In 1931, the Gramophone Company opened a studio in a Georgian townhouse on London’s Abbey Road. Nine decades later and Abbey Road Studios has become perhaps the most famous recording studio. Now, Mary McCartney, daughter of Paul McCartney and Linda McCartney, is planning to tell the studio’s story with a new documentary titled, If These Walls Could Sing.
For many people, the significance of Abbey Road has everything to do with Abbey Road, the 11th studio album by The Beatles. But the former EMI Recording Studios has a rich place in much more of Britain’s musical history, from 1930s sessions with the London Symphony Orchestra through the first digital recording ever made in the UK to its place today as a historical landmark.
If These Walls Could Sing will be the first time a documentary feature crew has been allowed inside the studio’s hallowed walls. It comes from Mercury Studios, a new venture from Universal Music Group, and will be produced by Oscar-winning filmmaker John Battsek (Searching for Sugar Man, One Day in September). The film is due to arrive sometime after the 90th anniversary festivities begin this November.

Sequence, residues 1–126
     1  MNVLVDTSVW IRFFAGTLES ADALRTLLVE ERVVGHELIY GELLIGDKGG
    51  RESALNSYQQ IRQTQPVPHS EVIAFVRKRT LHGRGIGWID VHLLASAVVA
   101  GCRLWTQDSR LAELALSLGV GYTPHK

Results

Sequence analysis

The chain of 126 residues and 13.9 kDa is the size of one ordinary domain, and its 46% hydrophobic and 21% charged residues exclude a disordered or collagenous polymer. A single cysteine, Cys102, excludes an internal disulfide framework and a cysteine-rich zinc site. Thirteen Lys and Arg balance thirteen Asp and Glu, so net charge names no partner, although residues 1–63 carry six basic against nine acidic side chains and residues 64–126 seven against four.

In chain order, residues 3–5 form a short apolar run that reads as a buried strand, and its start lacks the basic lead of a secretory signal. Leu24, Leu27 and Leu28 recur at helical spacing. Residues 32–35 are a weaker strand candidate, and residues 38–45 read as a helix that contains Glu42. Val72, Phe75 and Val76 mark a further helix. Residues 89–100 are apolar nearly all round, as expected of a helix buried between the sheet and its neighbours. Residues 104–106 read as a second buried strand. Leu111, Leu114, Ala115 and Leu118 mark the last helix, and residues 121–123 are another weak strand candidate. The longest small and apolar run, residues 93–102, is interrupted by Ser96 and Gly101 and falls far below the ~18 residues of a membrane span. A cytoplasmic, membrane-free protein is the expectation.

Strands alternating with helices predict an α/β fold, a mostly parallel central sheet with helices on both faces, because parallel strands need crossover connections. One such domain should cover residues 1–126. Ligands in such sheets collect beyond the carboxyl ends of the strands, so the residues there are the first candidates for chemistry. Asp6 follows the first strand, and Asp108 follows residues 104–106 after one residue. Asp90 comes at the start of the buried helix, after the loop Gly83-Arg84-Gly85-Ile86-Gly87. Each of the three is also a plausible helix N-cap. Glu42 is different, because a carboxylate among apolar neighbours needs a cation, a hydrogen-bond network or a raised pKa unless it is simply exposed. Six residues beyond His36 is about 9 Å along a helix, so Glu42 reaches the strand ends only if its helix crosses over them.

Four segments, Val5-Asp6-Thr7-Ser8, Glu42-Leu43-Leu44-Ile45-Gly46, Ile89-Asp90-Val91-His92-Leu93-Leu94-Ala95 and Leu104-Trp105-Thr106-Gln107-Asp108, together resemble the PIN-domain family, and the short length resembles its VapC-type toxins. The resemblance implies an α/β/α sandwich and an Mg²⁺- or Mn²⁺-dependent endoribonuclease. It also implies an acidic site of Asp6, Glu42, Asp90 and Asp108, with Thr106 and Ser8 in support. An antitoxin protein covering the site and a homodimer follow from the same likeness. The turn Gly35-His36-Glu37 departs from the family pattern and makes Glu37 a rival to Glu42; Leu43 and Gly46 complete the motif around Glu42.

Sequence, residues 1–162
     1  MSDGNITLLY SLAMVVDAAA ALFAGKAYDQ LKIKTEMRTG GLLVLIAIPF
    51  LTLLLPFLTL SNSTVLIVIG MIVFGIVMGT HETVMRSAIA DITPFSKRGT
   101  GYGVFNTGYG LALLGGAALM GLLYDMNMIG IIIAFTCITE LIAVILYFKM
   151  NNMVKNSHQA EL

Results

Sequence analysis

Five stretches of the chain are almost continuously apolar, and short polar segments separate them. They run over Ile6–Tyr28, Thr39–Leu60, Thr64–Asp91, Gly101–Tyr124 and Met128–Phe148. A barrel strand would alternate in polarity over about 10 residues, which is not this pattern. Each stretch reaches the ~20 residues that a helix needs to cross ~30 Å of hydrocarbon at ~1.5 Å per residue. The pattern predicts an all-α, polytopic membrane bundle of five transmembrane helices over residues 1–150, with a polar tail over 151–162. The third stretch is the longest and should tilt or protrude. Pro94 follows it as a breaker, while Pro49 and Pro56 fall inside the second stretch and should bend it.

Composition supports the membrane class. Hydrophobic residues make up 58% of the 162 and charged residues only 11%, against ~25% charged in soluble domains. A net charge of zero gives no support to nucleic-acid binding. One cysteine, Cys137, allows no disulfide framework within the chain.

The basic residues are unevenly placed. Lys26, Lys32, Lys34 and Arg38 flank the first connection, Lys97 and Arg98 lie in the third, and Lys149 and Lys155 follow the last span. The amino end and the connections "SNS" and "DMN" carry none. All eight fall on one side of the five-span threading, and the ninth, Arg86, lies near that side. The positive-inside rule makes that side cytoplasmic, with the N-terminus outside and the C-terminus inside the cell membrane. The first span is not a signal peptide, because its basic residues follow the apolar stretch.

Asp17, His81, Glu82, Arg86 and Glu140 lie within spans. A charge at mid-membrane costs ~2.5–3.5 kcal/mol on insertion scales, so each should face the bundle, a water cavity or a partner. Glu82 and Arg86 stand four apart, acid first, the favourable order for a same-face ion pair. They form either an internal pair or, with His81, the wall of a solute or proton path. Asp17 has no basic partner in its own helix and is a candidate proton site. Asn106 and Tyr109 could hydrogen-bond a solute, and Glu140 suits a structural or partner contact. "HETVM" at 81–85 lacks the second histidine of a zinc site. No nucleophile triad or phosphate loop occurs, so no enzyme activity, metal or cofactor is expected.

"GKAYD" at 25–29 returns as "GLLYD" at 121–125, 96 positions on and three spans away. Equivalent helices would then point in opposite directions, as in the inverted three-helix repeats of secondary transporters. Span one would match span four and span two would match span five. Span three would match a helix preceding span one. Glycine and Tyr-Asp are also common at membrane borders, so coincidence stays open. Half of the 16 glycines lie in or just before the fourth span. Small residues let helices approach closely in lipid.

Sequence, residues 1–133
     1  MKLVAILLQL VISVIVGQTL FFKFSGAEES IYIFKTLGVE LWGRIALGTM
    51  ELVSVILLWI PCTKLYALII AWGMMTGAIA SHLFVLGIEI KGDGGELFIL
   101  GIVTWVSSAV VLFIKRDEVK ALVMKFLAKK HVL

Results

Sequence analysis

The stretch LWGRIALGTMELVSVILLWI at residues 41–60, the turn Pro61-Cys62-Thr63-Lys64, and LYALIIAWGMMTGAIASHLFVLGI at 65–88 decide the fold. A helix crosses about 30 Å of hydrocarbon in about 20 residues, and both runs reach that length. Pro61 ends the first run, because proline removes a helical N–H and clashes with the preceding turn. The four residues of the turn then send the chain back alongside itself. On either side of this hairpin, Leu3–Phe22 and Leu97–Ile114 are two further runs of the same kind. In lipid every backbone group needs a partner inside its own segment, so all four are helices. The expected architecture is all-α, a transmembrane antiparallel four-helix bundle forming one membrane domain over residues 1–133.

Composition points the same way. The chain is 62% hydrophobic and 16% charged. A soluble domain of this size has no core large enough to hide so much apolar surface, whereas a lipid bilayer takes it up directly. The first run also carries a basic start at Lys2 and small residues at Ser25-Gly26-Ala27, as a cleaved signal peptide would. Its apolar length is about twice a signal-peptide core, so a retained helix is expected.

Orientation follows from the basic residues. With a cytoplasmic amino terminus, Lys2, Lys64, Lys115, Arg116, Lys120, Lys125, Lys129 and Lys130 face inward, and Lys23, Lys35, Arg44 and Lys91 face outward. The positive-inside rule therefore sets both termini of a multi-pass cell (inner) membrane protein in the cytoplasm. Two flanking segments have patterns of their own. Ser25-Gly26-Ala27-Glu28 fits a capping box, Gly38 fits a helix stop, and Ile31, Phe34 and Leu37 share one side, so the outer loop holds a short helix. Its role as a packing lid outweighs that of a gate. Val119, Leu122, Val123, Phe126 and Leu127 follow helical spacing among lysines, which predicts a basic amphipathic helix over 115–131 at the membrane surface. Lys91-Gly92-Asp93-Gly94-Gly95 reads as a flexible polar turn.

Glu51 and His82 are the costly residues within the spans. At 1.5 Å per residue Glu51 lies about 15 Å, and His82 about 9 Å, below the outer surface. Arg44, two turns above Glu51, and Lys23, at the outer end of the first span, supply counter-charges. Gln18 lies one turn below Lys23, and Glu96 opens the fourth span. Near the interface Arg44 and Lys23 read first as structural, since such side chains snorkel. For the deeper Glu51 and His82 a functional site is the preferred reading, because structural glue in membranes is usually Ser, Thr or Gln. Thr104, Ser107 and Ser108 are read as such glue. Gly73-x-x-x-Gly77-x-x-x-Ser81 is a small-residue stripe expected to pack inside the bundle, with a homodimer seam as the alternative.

In a statement, Mary McCartney explained what the studio has meant to her, writing, “Some of my earliest memories as a young child come from time spent at Abbey Road. I’ve long wanted to tell the story of this historic place and I couldn’t be collaborating with a better team than John and Mercury Studios to make this creative ambition a reality.”
Abbey Road, and the famous zebra crossing nearby, continue to be potent symbols. In 2019, after Drake topped three Beatles’ records, he celebrated with an Abbey Road tattoo. Earlier this year, the city of London used the coronavirus as an excuse to restore the long-neglected zebra crossing. If These Walls Could Sing isn’t the only Beatles-related doc on the horizon, either, as Peter Jackson’s Get Back is set to arrive in theaters this August.